How Can I Stop Lens Flares?

It seems like I'm getting a lot of lens flares in both my photography and video lately. I don't know why this is happening. For the most part, it's because of the sun, but I'm finding that it's also because of things the sun is reflecting off of, such as cars, windows and other shiny objects. When I look at my photos on my computer after I come back inside from shooting, I see multiple flares in so many of my shots. Does anyone have any ideas for how I can stop these things from showing up?
 

JGaulard

Member
Staff member
Pro Member
You either love them or you hate them. Lens flares, that is. I know people who hunt down flares and have to have them in almost every shot or video they take. I also know people who avoid them at all costs. You have to admit that they add a certain feeling to a photo or video, especially when they're included on purpose. So many movies include lens flares on purpose and they set the mood. They accomplish the mission. Just imagine how flat a scene would be if the camera was panning across a desert and there was no flare. It would be so boring.

By the way, if you don't know what a lens flare looks like, take a quick look at this video.


That said, obviously lots of people don't want lens flares in their shots. Especially when they're accidental. These orbs of light can really diminish and alter the exposure values of an otherwise normal photograph or video. After a day of shooting in the sun, the results can be disappointing.

So, what is a lens flare anyway? It's basically a reflection of light (usually stemming from the sun) off of the elements inside of a camera lens that eventually makes it's way onto the camera's sensor. This burst of light causes reduced contrast in the area it resides and it also creates a shape, usually a circle. And it can take the form of multiple shapes that seem to be stacked upon one another.

Here's a quick piece of advice for you, now that you are aware of the existence of lens flares. Be cognizant of the angle of your lens to the source of the light in your photo. You'll find that as you alter this angle, the lens flare will move around in your shot. If you're careful enough, you can eliminate the flare all together, simply by changing the angle of your camera.

Here's another piece of advice for you. Try not to include flares in your original photos and video. You can always add them later in post-processing, but you can't get rid of them if they look horrible in the original. There are tons of filters you can use to add lens flares after the fact and so many accidental flares look like dirt on the lens or the filter, so avoid them at all costs. Of course, unless you know exactly what you're doing.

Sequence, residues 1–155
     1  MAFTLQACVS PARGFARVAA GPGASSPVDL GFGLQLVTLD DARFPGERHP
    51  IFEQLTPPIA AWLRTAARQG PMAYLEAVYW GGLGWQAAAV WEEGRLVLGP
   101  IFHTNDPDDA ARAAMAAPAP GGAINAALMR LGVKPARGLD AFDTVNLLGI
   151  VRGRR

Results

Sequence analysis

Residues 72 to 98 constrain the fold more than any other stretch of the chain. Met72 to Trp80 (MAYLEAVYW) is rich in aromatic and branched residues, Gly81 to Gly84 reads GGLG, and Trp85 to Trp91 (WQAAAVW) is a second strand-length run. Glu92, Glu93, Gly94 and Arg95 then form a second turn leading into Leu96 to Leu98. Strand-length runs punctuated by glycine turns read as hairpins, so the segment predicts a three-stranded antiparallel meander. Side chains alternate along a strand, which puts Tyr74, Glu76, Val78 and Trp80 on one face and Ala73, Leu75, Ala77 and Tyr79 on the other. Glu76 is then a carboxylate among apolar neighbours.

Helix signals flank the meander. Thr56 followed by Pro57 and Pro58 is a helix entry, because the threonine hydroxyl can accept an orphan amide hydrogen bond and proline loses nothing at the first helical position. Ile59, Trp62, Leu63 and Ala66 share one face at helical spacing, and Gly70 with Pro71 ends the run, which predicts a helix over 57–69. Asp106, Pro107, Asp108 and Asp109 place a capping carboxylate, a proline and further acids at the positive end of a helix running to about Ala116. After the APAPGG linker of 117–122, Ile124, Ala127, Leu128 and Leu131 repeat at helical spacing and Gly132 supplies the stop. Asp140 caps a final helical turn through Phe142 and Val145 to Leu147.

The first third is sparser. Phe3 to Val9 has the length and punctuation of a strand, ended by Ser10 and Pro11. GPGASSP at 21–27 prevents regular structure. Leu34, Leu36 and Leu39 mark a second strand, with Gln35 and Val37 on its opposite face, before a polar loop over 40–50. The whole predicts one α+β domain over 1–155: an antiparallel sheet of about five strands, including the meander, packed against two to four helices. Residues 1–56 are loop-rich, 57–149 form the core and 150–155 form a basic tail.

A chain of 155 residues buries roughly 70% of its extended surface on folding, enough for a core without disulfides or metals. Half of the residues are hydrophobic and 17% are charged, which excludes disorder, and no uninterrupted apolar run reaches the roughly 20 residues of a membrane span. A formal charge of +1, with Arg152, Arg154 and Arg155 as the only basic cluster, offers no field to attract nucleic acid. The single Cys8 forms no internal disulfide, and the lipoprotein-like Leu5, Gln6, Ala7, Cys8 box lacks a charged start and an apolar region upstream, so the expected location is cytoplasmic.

The simplest piece of equipment you can use to avoid lens flares is the lens hood, or tulip, as some people call them. These pieces of plastic fit on the end of the lens and face outward to block much of the angled light that may reach the elements inside the lens. The ones that cause the flares. Just be sure to fit the tulip on the lens correctly. They usually ship with lenses attached backward, so you'll need to remove it and then flip it around so it's protruding the end of the lens.

Lens hoods are generally made of hard plastic or rubber. They can be even all the way around or they can be sort of bulbous, which gives it the tulip appearance. It's the tulip ones you want to rotate around the lens to effectively block the offending light.

Also, be careful which lens hood you use with which lens. Hoods are usually specific to certain lenses and if improperly fitted, you may see the edge of the hood in your photos.

Another effective method for blocking light and reducing or eliminating lens flares is to use what's called a matte box. Matte boxes are larger, more square contraptions that fit on the end of a lens. They serve two purposes; to hold lens filters as well as to hold flags. Flags are simply large light blockers and attach to the sides of the box. You can move them and position them so they best block the light. They're generally more expensive than lens hoods, but they block a heck of a lot more light.

Finally, to block light from causing lens flares, you can use a flag. All a flag is is something that gets in the way of the light source so it doesn't reach your camera's sensor. Professional flags are available and you can usually attach these to a stand, which is very handy, but you can also use a piece of cardboard or simply have someone stand there holding up something that blocks the light. Light blocking isn't rocket science. Where photographers usually focus is on what's going to work best for them in the field.

I hope this helped. Please let me know if you have any questions.
 
Top